CNN published an editorial yesterday–Permissive parents: curb your brats— that is getting mixed reviews. I agree with some of the commentary (i.e. there are kid-free cruises and resorts for a reason) but the overall tone that children should be spanked, seen and not heard, and not tolerated in restaurants, airplanes, and grocery stores turns me off a bit. I understand he’s mostly referencing “unruly” children, but doesn’t every child act like Charlie Sheen every now and again? Since having a baby I’ve become more sympathetic to other parents and I wish I had done it sooner.
The notion that children are “mini” adults and should behave as such is downright bonkers. One of my favorite new-mama questions is, “Is he sleeping through the night?” To which my response is, “No. he isn’t. He’s also not cooking or balancing my checkbook yet, the little slacker!” And it totally irks me when fellow passengers comment on how adorable my baby is AT THE END of an episode-free flight. They are babies/toddlers/children and should be welcomed and celebrated as such.
Likewise, we as parents shouldn’t be discouraged from leaving the house for fear our child might act up and g-d forbid, disturb someone’s tranquil life. There are days when my son is tearing through the house like a screaming banshee and all I can think about is where I can take him to offer a change in scenery (and adult interaction or a alcoholic caffeinated beverage)
The night we moved to Pittsburgh we were exhausted and desperate for a bite to eat. With our tired 3-month-old in tow, we walked over to a local grill well known for its salads and burgers. Upon entering, a gentleman in a tie welcomed us told us that strollers were NOT ALLOWED. We understood the restaurant was small so we folded it up and put it under the coat rack. He was obviously disappointed we didn’t leave and reluctantly let us stow our baby carrier. He showed us to a table mumbling something about not having a high chair. By this time our infant was swaddled and sleeping in my arms. Does that sound like a child who needs a high chair? The man begrudgingly sat us next to tables of well-groomed couples sipping wine and picking at appetizers while they chatted about politics or weather. The kinds of people we were merely three months prior. We ate and apologized when our son fussed and left feeling rushed and annoyed. Needless to say, we won’t be going back.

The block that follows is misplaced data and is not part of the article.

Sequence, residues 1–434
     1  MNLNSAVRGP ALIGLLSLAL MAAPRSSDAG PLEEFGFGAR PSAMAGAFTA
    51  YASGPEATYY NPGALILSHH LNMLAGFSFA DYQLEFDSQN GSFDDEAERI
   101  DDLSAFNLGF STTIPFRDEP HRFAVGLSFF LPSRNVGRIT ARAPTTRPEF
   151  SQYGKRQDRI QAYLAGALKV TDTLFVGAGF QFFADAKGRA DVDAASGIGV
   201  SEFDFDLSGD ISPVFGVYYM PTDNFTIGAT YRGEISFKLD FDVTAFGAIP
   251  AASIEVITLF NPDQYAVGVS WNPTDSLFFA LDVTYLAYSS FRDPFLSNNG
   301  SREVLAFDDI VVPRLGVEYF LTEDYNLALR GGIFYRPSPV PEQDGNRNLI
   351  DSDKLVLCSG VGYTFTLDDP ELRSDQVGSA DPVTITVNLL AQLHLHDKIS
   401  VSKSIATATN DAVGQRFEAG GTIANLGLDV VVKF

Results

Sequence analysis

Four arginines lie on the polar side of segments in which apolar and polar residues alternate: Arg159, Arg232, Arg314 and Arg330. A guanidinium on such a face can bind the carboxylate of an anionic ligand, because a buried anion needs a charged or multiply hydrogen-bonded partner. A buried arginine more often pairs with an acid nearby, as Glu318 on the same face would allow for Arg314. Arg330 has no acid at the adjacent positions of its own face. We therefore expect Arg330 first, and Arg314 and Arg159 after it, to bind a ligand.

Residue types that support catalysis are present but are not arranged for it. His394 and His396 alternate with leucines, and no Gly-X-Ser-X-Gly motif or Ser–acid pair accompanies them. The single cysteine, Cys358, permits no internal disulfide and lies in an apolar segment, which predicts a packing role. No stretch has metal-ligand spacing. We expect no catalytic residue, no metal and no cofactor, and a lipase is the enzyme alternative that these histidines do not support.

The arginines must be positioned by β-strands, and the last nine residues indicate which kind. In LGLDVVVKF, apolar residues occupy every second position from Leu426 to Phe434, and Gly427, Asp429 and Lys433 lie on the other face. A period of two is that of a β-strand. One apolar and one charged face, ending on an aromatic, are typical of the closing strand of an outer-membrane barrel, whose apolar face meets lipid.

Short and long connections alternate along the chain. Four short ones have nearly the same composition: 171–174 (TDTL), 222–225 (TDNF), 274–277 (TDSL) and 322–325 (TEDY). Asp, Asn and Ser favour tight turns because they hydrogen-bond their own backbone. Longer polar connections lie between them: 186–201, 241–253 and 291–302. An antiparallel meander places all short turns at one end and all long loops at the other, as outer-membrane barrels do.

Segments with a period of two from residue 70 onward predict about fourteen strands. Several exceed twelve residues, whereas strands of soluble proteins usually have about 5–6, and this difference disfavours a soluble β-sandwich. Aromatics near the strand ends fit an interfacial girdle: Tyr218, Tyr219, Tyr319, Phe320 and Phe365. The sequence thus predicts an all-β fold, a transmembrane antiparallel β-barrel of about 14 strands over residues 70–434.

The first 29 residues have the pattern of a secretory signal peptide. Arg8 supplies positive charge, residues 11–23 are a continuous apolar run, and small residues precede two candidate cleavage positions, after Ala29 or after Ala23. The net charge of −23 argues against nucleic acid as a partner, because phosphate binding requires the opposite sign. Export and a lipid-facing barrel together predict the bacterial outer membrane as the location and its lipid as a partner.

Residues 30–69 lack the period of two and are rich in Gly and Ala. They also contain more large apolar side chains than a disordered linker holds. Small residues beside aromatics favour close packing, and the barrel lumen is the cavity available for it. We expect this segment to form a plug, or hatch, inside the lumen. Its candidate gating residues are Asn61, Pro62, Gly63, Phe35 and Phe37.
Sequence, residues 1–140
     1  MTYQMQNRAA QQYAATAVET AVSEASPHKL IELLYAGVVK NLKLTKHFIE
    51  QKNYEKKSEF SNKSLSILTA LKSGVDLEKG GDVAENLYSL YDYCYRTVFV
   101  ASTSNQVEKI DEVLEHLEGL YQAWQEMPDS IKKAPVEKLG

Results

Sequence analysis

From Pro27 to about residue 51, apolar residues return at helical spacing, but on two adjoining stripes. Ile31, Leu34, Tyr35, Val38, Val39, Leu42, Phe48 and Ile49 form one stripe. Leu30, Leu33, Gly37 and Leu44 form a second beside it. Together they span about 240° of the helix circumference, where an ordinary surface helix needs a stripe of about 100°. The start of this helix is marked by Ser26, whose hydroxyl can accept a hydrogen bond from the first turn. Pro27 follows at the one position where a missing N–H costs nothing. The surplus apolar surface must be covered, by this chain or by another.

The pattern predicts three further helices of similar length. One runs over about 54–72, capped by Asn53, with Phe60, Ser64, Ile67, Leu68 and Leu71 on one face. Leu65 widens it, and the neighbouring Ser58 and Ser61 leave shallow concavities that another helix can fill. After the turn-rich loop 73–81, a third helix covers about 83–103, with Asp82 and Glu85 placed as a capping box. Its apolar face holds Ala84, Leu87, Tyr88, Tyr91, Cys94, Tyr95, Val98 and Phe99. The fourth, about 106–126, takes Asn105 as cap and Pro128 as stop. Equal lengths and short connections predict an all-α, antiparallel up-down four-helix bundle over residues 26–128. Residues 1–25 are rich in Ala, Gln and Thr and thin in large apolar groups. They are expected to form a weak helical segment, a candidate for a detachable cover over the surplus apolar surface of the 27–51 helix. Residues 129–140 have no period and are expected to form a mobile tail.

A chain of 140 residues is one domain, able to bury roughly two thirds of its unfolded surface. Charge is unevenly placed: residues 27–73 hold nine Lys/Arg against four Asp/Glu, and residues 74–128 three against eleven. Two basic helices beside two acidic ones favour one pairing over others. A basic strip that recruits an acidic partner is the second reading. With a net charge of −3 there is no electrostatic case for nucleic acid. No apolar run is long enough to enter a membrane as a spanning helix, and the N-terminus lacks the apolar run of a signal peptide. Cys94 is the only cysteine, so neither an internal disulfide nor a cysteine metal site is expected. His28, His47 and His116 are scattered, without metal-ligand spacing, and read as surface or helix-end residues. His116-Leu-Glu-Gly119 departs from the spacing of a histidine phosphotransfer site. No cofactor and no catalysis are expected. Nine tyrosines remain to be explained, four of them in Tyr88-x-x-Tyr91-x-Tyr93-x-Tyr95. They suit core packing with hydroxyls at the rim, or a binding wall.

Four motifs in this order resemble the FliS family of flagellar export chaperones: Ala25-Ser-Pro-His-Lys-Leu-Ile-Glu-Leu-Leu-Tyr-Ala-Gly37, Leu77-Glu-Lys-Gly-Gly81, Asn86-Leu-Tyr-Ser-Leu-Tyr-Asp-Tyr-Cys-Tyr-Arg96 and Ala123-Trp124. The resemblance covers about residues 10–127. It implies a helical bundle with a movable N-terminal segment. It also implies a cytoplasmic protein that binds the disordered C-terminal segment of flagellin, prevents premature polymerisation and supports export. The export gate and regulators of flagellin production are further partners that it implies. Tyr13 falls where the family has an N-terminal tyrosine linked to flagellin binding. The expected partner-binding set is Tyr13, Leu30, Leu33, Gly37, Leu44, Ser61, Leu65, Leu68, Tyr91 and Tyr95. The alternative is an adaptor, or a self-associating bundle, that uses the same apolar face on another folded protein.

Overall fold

Recently, we tried out a new tex-mex place in town. We were given a quiet table upstairs with a high chair and our toddler was handed an etch-a-sketch, much to his delight. I nursed him in the booth and the sweet waitress waited until I was done to take my order and then smiled and said, “Can I bring anything for him or did he already eat?” The food was wonderful, our son played happily with his toy, and most importantly, we felt welcomed.
There is a small farm-to-table restaurant in Asheville, NC that we visited on vacation. The tables are equipped with paper and crayons and each child is given a bucket full of eco-friendly toys to play with during the meal. The food is amazing but the hospitality towards my son was most appreciated. When we checked into our hotel they asked us if we needed a safety kit which included some first aid things and plug covers (adorned with the hotel’s logo just in case you decide to take them home. MARKETING GENIOUS!) Needless to say, I was impressed.
Being parents has changed us as patrons. We are respectful of people who want to enjoy a meal without hearing a kid cry, which is why we try to dine early with the rest of the breeders and AARP card holders. But I want to spend my money in places that respect that I have a child and that, yes, he’ll be joining us and he might just happen to cry or drop half-chewed food on the floor. You don’t have to have a germ-laden kiddie gym in the middle of your establishment to win me over–just don’t act horrified at the sight of my toddler. For the most part, his behavior is pleasantly age-appropriate and my husband and I have a very low threshold for misbehavior and no qualms about taking our food to-go. However, if you are going to glare at us with your judgmental stink eye before my child even opens his mouth–you might just get a ketchup-laden french fry thrown in your direction and it may or may not have come from our kid.
Has having a child changed where you choose to eat and shop?